There are many traditions and stories associated with the autumn equinox, one of which is of course from ancient Greece about Persephone returning to her husband Hades and to the Underworld. Her mother, Demeter, retreats from the world while her daughter is in Hades and that is why we have winter. It is traditionally a good time to enact rituals for protection and security, so you could try a money spell or a career enhancement spell.

Mabon for us is also the second harvest festival and the start of winter preparations, a time of contemplation; take time out and use it as a beauty day. You could make your own facial mask with oatmeal and yoghurt, as oats are still symbol at this festival too. This mask is really simple and suitable for all skin types; it cleanses and rejuvenates your skin. Use one tablespoon of oatmeal, finely ground, one tablespoon of plain organic yogurt and a teaspoon of honey. Just add the ingredients in a small bowl, fold in and mix well all together. Then apply the mask to the face for about ten minutes before washing off with warm water and applying your moisturizer as normal.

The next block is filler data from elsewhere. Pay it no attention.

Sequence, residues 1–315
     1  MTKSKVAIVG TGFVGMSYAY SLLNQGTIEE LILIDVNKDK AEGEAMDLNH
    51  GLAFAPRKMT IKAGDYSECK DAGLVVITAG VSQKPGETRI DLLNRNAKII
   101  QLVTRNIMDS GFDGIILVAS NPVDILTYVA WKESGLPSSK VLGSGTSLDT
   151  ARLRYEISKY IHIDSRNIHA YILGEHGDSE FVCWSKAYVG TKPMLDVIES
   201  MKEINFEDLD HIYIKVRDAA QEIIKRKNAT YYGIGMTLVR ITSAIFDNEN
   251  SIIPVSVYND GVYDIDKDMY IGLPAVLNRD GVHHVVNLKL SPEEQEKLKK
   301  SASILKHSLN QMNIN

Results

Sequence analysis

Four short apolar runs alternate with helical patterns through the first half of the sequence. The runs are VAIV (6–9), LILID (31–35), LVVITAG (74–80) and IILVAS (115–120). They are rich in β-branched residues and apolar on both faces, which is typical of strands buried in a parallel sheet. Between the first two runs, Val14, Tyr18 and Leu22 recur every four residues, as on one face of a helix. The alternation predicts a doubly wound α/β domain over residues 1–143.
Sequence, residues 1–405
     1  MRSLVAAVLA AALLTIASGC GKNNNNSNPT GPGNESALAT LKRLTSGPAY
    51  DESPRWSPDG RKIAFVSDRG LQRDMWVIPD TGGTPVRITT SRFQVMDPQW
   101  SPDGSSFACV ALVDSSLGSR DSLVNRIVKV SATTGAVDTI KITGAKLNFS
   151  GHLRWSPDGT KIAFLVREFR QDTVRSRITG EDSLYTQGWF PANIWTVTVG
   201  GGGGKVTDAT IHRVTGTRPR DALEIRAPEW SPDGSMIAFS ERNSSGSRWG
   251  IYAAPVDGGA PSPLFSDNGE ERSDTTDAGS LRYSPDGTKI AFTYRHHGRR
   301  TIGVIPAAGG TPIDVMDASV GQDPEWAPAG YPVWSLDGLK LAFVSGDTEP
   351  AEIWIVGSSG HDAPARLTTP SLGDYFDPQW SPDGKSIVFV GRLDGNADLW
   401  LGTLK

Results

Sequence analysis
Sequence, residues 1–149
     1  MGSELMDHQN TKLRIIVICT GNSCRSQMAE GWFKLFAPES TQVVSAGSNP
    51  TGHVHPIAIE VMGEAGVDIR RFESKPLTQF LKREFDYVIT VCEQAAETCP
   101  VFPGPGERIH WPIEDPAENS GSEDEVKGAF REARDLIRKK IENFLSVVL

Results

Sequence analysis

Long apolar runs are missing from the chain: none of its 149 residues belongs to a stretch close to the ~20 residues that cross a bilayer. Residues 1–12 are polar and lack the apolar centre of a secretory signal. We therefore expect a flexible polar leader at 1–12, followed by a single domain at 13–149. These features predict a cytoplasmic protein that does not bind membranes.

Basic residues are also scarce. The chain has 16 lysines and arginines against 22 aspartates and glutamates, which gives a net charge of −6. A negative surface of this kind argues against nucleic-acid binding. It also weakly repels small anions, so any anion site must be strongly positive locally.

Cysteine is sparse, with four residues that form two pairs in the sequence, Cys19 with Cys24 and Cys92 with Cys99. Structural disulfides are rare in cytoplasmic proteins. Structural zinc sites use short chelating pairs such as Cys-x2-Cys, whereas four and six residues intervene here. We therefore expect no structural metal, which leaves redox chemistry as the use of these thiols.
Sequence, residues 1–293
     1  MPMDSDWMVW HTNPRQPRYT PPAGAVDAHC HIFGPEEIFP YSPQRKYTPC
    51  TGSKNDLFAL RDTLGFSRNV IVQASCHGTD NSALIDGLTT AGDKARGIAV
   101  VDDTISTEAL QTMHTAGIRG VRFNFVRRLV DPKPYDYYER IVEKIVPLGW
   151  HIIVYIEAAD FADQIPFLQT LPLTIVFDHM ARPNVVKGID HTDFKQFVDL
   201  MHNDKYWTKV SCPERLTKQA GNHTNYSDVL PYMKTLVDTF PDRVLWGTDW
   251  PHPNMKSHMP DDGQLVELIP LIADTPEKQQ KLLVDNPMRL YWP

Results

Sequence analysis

Enjoy the seasons, enjoy life. Until next time,

Blessed Be


About the author:

Tudorbeth has been a practising witch for over 30 years. She has written many books on the subject. Her latest title is A Spellbook for the Seasons, published by Eddison Books.